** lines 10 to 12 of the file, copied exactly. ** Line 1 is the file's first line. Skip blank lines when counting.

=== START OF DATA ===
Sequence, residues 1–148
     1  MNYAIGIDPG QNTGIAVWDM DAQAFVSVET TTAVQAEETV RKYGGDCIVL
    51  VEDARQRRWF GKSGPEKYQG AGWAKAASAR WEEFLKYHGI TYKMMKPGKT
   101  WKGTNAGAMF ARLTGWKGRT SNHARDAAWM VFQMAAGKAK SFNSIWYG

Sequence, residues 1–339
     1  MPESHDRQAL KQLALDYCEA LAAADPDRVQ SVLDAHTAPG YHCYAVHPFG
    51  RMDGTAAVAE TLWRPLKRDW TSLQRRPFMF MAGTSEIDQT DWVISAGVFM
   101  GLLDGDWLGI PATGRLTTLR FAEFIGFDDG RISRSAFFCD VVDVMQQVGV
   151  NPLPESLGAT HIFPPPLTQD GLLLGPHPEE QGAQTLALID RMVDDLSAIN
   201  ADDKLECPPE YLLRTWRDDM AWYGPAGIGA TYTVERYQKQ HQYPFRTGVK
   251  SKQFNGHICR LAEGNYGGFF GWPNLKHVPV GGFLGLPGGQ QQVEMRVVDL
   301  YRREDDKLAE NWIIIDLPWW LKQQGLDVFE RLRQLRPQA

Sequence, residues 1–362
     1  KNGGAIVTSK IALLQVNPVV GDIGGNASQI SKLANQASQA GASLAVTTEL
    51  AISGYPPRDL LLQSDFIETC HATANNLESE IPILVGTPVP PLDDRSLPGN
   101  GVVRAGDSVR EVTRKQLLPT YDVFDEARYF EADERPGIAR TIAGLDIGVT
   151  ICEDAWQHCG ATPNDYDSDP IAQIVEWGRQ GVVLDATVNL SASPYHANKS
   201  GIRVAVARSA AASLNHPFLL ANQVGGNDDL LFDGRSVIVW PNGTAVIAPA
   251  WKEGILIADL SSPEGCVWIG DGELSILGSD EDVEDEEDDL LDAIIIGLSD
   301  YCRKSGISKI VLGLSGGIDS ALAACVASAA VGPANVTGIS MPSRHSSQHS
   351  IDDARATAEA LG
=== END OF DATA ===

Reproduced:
   201  ADDKLECPPE YLLRTWRDDM AWYGPAGIGA TYTVERYQKQ HQYPFRTGVK
   251  SKQFNGHICR LAEGNYGGFF GWPNLKHVPV GGFLGLPGGQ QQVEMRVVDL
   301  YRREDDKLAE NWIIIDLPWW LKQQGLDVFE RLRQLRPQA